The audience is totally immersed into the sights and sounds of the Indonesian rainforest. The clever set design and lighting along with the sound effects add to the experience. The physical theatre skills of all the puppeteers was pure genius. You literally watch them breathe life into the puppets… they actually come to life before your eyes. I became so invested that I no longer saw the puppeteers.

The movements, motion and animal sounds are created by the cast and you just know that they must have spent hours watching and researching real animals in order to recreate and mimic.

A special mention must go to 12-year-old Annika Whiston, who played the lead role of Lilly and rarely left the stage. She portrayed the role beautifully and with great maturity. Every emotion and relationship she had I felt, bringing me to tears, more than once, much to my own daughter’s horror.

Morpurgo was inspired to write this modern-day Jungle Book by the real-life story of Amber Owen, who was on holiday in Phuket with her mother and stepfather in 2004, and enjoying an elephant ride on the beach when the Boxing Day tsunami hit.  The elephant ran inland and saved her life. When the author read of Amber’s story, he said it was “the one bit of hope amid the destruction”.

The production will be working during the tour to support the Born Free Foundation’s global elephant conservation projects.

There has been great take up by schools with a number of performances throughout the day times but it is most definitely not just for children.
There are still tickets available, if you have not seen it then I urge you to make the time. I promise you will not be disappointed. It will make you laugh and possible cry but most of all it will make you think.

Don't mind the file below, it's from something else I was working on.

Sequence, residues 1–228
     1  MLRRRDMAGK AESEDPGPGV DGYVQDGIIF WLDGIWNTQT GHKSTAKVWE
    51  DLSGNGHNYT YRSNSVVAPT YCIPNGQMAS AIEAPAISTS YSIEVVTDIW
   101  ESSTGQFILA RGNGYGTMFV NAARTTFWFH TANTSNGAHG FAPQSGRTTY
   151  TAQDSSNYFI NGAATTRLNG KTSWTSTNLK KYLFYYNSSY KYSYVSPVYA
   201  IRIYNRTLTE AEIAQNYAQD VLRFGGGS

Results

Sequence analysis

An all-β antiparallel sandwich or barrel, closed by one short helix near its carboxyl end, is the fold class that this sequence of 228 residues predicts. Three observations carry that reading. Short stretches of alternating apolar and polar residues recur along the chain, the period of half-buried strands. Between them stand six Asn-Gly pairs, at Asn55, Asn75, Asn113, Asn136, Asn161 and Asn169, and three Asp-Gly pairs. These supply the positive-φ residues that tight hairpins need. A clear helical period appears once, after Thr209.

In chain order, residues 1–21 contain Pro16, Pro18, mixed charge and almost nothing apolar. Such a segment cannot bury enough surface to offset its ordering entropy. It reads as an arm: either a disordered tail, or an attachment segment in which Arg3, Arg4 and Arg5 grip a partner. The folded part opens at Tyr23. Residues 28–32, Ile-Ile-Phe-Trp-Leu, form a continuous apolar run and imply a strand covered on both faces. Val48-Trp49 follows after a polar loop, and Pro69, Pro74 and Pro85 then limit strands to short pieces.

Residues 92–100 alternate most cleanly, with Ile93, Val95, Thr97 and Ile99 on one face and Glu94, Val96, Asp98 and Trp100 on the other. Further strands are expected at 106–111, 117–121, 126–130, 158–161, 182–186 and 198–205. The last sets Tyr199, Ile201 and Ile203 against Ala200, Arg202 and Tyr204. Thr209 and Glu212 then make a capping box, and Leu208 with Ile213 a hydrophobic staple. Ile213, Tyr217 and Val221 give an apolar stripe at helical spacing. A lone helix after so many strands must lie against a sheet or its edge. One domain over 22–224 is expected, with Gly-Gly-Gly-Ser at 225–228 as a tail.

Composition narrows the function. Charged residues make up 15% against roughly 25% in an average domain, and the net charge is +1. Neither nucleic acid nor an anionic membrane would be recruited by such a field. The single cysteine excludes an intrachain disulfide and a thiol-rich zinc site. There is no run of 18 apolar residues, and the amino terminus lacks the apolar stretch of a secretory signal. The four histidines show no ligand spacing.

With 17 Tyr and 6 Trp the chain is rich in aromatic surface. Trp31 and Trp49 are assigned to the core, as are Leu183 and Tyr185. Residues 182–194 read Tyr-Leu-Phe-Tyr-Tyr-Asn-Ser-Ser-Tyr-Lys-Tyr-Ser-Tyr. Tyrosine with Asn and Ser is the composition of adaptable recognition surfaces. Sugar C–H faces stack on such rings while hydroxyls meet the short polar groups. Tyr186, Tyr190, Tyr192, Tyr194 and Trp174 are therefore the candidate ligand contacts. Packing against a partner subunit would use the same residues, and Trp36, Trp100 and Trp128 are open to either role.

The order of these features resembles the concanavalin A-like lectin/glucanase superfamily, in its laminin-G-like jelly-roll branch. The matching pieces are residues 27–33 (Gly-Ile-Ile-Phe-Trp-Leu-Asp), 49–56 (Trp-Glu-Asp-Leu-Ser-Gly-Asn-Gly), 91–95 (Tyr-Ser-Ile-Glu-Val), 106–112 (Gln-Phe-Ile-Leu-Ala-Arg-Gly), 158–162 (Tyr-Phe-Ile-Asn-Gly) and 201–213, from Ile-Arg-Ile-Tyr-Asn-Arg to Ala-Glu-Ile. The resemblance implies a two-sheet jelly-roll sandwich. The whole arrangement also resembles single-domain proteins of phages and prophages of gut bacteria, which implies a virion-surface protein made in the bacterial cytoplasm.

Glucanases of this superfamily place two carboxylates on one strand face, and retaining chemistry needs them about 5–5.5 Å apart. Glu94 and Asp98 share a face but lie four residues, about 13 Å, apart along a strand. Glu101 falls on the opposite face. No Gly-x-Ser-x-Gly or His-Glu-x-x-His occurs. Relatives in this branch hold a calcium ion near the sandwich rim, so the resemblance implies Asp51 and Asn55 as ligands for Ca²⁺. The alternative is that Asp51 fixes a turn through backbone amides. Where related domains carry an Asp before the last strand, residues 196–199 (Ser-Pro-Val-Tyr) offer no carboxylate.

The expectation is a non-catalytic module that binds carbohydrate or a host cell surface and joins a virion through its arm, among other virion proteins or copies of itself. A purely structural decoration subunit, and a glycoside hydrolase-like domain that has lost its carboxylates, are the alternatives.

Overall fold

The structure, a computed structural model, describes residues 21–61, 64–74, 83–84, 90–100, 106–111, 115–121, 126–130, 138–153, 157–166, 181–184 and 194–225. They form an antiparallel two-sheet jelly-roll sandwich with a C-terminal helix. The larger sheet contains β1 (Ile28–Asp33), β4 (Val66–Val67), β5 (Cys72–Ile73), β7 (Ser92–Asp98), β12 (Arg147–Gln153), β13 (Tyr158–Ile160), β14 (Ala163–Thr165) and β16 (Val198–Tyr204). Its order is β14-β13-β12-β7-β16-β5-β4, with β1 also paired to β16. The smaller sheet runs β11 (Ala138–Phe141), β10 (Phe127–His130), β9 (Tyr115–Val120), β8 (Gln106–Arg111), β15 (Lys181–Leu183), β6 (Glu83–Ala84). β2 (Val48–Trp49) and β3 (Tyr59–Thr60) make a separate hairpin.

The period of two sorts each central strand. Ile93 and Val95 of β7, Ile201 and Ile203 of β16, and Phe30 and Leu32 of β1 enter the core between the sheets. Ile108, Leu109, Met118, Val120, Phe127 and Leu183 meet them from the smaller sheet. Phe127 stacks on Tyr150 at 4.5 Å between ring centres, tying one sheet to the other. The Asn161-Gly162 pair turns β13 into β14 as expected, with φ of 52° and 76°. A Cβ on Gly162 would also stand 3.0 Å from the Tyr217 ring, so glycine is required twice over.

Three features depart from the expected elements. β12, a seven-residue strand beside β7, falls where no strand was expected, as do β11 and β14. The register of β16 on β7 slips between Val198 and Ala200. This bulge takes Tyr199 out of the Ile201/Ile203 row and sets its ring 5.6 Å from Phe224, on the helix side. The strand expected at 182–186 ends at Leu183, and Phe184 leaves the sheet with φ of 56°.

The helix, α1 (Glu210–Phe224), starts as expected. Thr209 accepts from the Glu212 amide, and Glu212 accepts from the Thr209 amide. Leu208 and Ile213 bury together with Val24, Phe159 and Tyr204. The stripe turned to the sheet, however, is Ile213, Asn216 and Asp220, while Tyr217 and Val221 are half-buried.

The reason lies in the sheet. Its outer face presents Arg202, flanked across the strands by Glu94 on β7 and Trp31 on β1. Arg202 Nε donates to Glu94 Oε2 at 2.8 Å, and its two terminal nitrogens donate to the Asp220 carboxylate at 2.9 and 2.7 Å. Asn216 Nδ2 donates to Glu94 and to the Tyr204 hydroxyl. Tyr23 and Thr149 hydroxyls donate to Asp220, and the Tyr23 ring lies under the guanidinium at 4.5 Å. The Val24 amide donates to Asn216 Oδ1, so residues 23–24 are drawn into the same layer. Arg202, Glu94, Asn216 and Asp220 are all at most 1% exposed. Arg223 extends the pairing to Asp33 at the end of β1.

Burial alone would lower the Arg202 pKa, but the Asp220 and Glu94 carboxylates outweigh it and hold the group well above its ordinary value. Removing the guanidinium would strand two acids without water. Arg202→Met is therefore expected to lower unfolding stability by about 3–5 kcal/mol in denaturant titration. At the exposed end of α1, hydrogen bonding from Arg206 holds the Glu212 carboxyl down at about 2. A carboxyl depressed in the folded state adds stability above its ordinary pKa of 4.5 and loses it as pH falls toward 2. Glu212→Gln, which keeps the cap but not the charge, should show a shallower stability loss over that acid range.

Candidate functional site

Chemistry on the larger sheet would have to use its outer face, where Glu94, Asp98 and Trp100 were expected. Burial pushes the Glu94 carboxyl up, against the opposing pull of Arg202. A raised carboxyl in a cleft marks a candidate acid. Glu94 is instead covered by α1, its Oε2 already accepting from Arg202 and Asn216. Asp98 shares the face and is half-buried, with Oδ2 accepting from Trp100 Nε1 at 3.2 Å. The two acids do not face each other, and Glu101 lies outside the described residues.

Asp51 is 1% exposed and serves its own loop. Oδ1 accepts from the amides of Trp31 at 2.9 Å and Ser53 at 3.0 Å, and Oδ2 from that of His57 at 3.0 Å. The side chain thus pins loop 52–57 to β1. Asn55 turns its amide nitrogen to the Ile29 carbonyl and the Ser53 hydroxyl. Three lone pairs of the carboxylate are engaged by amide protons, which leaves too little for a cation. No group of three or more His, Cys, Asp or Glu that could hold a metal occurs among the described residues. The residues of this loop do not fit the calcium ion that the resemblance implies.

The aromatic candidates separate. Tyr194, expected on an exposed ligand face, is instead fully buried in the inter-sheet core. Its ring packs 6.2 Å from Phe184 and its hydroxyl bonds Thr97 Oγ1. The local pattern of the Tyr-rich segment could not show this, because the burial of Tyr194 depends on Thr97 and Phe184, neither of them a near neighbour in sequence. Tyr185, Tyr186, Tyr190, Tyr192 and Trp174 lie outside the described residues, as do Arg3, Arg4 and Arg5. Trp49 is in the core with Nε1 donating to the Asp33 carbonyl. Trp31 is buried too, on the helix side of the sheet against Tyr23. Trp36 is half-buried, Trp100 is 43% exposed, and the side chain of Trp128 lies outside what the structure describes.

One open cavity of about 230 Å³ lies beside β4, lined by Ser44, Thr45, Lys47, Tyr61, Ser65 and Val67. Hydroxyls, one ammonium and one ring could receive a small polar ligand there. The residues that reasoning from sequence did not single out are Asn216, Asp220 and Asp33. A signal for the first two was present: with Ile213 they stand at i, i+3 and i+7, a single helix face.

A must-see piece of theatre.

 

Running Wild is on until April 29. Wed, Fri and Sat 7.30pm, Wed & Sat 2.30pm, Thur 11am. Tickets £7-£21.  BOX OFFICE 01603 630000.  www.theatreroyalnorwich.co.uk

 

KIM and RUBY CHAMBERS

 

 

 

 

 

Pictures: Dan Tsantilis

Join the charge this bank holiday for the East Anglian Air Ambulance

The Archdeacon’s Charge, an annual sponsored fun run or walk founded by the Venerable John Ashe, Archdeacon of Lynn, will take place on Monday (May 1) at Wolterton Hall, raising money for the East Anglian Air Ambulance (EAAA) and the Diocese of Norwich Church of England.

All are welcome to walk or run the circuit. There will be a circuit of 2.5 miles available to walk or run, or if you feel up to a challenge you can complete the circuit up to four times completing a distance of up to 10 miles.

Alternatively, families can go along and enjoy a picnic and entertainment. There is plenty to do and see, such as a scenic walk around the grounds of a rarely-seen private stately home, food and drink on offer, classic cars, live music, craft market, and have-a-go activities such as archery.

Their Royal Highnesses’ Prince & Princess Michael of Kent will be attending this year, as special guests of Peter Sheppard and Keith Day, the owners of Wolterton Hall.

Holly Lambert, fundraising manager for EAAA in Norfolk, said: “We are honoured, once again, to be one of the chosen charities for the Archdeacon’s Charge, and always look forward to this fantastic event.”

See more at www.dioceseofnorwich.org/news/events/archdeacons-charge/.